Thursday, September 1, 2016


Ngombi - Metropolitan Museum of Art - Photo by Margaret Bednar

Frail in this fall through world -
so merely mortal,
so innocently ignorant -

your evil is endless
and your better angels sleep.
Even the stones weep.

All of the mother's tongues have forked.
Their legs have spread; their eyes 
are rolled back in painted gourd heads

Unheld, you hold a virgin instead -
stroke her neck, ride
her belly on your thighs.

Let the thin string question high,
and the God string grumble low.
Silly Sister of your creator,

it's you who plucks them both.

A rough draft for Margaret's very cool prompt at Real Toads.

Note: I have some new poems in the fall issue of MockingHeart Review.  Check them out here; I'd love to know what you think!


Sherry Blue Sky said...

WOW!,,,,,,,,a powerhouse of a Poem! You are being published so often now, it is wonderful. I most love the wolf poem, of course. Fantastically powerful writing, my friend.

Susan said...

Ouch. So innocent--a dark dark pretense and powerful control. It reminds me of a talk I heard just this morning on why there are so few convictions on drug-related violence in Philly--so many strings to pull, so many threats and fears, well might a matriarch try to protect her family by not cooperating with judicial authorities. Well, that's the lens I read it through, anyway, andd have two words: Brilliant. Horrible.

Stacie Eirich said...

I did love this prompt too, Mama Z. :) Indeed I've spent so much time listening to the instruments that my writing is undone. What seemed undone in this poem was the strings themselves, plucked from a heartbone or pieces of skin, you made the music raw. Love the timbre of the questioning, the grumbling -- sounds of both mind & body. Thanks for sharing!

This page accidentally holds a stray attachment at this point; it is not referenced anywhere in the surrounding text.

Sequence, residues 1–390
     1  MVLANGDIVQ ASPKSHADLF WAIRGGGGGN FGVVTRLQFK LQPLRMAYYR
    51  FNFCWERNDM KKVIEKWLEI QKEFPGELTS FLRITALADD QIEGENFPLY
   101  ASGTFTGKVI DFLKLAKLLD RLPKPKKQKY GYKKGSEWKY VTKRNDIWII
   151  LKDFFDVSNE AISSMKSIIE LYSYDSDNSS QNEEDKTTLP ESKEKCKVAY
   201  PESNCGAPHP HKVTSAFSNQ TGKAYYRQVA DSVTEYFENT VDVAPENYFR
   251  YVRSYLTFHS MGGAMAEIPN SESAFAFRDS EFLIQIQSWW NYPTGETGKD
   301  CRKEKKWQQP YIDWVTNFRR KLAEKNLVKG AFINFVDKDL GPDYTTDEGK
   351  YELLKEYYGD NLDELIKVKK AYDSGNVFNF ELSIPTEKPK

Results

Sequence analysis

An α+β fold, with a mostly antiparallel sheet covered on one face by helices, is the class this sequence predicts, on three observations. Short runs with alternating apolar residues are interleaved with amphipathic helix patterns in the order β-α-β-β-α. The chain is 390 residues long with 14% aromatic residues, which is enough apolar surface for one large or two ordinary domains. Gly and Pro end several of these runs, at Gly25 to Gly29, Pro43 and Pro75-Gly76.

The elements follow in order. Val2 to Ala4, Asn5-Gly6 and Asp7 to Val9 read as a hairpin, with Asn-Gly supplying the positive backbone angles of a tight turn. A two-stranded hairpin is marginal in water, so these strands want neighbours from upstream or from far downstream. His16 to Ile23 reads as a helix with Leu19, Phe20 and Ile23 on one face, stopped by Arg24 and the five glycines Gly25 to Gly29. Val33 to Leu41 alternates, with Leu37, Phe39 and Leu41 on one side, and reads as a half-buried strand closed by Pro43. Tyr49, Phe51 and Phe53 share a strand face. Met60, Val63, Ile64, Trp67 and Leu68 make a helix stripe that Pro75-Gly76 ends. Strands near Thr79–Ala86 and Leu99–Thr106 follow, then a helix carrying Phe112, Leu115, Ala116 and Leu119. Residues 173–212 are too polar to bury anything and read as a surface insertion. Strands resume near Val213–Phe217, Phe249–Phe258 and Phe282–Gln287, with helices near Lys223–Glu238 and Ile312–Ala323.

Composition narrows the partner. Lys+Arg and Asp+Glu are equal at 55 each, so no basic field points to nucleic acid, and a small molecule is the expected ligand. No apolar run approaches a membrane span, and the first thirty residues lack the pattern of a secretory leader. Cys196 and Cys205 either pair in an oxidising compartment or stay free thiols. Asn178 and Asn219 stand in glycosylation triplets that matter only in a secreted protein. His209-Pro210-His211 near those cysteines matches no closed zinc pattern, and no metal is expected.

elsa said...

Sexy, fiery, sinister.

I have so much to say, but I won't.

Buddah Moskowitz said...

This is quite good. I love the ambiguity of this, it adds to the starkness. Congrats on the published poems. good work! - mosk

Gillena Cox said...

Very layered, this poem

much love...

Outlawyer said...

A beautiful and fascinating poem. At first, it seemed a child warrior (or young man warrior) rather heartless but also hurt. I was a little confused by the sister line, as I wasn't sure if it was addressed to the person doing the plucking or the instrument, and not sure it matters, but if you are going back to the poem, that part was a little confusing to me (at least to the image I'd formed.) It really is just wonderful though, MZ--sad and harsh and compassionate all at once. Congrats on the poem in the magazine, will check out. k.

gabrielle said...

This brings to mind the mothers who bind their daughter’s feet, grandmothers who barber the labia of young girls.

In Western culture too there is a clipping, a deadening of the spirit passed on from mother to daughter.
Though maybe not as blatant—at least to us-it is we as women who traditionally sculpt our young to conform to patriarchal distortions.
Out of fear, out of amnesia, out of a perverted sense of duty. Silly Sister indeed. Even the stones weep. Tragic and heartbreaking.

Your writing cuts to the bone.

Kim M. Russell said...

I love the whole poem but the darkness of these lines is just fabulous:
'your evil is endless
and your better angels sleep.
Even the stones weep.'

Debi Swim said...

Let the thin string question high,
and the God string grumble low.... powerful work

Kerry O'Connor said...

This is such a richly evocative poem - the pulse of a primitive instrument seems to tell a tale as old as time.. One's heart bleeds to read the history of human kind.

brudberg said...

I had not thought about that POV... I had a similar thought with my poem, but maybe more with male eyes.. the metaphor of the instrument and gourd works so well..

Jim said...

Breaking a new instrument in, is it similar to breaking in a car to suite he driver's desires, or to break a horse to allow a rider to ride? My dad broke young (or old if it were a wild one or one never ridden before) horses for riding. Sort of like a horse whisperer, none of his brothers nor his dad could do that.

Susie Clevenger said...

"Frail in the fall through world" I love that line. One would think the world would learn a new song. Humans never seem to learn.

Margaret said...

Your way with words truly is mesmerizing. The beginning just delights and sets us up with a warning - "ride her belly on your thighs" is awesome - And "let the thin string question high & the God string grumble low" is just ingenious. Loved it all!